The appearance in the same story of a less-than-realistic special effects baby (though a little more sophisticated than the ceiling-crawling baby in Trainspotting) interfered more than a little with my suspension of disbelief, though the rest of the audience didn’t seem to mind.

I’m willing to bet it’s only a matter of time before Ewen Bremner (Spud) follows his more famous Trainspotting fellow actors Robert Carlyle (Begbie) and Johnny Lee Miller (Sick Boy) to international stardom and the big bucks that Hollywood has to offer. To deviate once more – it’s a curious thing that strong character actors who don’t quite fit the "perfect" mould like Keanu Reeves or Brad Pitt are almost never home-grown in Hollywood (I don’t doubt they exist, but they’re working as dishwashers in LA while waiting for an offer).

Think of all the Brits who put in a lot of hard work in non-commercial British films for years before being snapped up by Hollywood – Sean Connery, Gary Oldman, David Thewliss, Rowan Atkinson, Emma Thomson, Ewan McGregor.

All three central performances in Mekkejs are excellent. The story centres around a dull but good natured loser, John, his whorish sluttish, lazy, selfish wife, Katriona, who uses and abuses him and their psychopathic upstairs neighbour Larry (one of the Leith types I mentioned that you don’t want to meet in the flesh), are all played with conviction and realism and it is to the credit of the actors that we are drawn into the tragedy of essentially unsympathetic characters in a very unglamorous setting. We cannot help but feel sorry for John, who has the misfortune to get mixed up with a woman who’s a female version of Begbie. Even here, Welsh’s blackest of black humour provides some relief from a very unpleasant situation.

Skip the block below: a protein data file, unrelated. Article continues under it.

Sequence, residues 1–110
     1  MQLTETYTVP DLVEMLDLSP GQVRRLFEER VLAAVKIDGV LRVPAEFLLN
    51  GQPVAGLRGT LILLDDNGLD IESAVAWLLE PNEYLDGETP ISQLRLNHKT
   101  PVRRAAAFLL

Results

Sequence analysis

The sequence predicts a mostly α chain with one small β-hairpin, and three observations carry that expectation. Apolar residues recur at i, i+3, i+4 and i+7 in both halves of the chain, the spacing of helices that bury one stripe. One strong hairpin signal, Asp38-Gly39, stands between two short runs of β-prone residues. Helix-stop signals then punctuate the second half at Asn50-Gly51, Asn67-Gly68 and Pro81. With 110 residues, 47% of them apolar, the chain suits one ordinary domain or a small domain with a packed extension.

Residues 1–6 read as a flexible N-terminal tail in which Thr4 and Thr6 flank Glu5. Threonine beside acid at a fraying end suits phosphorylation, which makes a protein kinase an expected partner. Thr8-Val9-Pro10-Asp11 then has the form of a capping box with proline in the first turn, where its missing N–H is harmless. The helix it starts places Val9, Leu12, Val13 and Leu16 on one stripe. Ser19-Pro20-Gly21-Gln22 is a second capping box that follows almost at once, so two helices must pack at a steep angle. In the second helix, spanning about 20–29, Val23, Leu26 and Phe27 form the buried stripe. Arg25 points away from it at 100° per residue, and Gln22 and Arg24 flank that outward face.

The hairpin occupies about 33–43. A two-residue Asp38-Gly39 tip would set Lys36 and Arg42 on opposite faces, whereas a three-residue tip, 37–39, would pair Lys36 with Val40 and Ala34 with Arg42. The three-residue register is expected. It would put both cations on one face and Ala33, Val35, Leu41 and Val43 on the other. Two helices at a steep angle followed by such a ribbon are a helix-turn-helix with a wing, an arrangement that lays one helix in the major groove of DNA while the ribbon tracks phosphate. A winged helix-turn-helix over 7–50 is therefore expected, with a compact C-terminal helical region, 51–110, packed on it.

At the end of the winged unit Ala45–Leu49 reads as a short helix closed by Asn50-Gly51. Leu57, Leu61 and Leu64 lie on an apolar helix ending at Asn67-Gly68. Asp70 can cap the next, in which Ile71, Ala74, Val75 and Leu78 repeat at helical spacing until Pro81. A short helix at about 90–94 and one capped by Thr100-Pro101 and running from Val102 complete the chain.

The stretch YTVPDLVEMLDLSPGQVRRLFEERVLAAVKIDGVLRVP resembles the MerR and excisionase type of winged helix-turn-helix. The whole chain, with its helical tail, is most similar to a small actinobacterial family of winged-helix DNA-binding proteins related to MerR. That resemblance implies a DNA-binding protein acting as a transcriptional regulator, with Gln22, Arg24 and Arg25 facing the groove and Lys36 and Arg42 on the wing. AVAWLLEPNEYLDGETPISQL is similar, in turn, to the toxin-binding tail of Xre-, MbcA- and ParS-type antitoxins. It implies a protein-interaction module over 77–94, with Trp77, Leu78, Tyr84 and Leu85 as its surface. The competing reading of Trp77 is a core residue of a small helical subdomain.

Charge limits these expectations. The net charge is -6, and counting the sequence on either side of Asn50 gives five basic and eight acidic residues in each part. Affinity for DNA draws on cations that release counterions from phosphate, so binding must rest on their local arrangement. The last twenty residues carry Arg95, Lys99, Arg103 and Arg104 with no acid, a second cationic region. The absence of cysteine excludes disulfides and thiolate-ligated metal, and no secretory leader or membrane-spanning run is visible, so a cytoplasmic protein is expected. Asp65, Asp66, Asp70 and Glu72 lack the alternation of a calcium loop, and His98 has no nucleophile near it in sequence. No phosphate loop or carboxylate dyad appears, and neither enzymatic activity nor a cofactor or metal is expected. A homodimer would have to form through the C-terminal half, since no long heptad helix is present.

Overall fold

The less said about The Granton Star Cause, the better. I don’t want to spoil the fun by betraying the consequences of Bob Coyle’s fateful meeting in an Edinburgh pub. Enough to say that the events of the story are a feast of Welsh’s classic "what if-?" inventiveness and sado-masochistic humour. The performances in this segment are a little patchy, but this is compensated for by the originality of the story, which really keeps you wanting to know what happens next.

Whatever the differences to Trainspotting, expect the same points of reference – drugs, hooliganism, violence, sexual perversion, low-life characters, fantasy, faeces, foul language and black humour. This material is Welsh’s stock-in-trade. Some might find it shocking or offensive but, like gangsters, shoot-outs and murder, it’s better to see this kind of stuff on screen than to come across it in real life. If you like that kind of thing, I can unreservedly recommend The Acid House. If you don’t like that kind of thing, go and see it anyway (or read the review in Ctrnactka).

Otherwise you’ll feel left out when everyone is talking about it.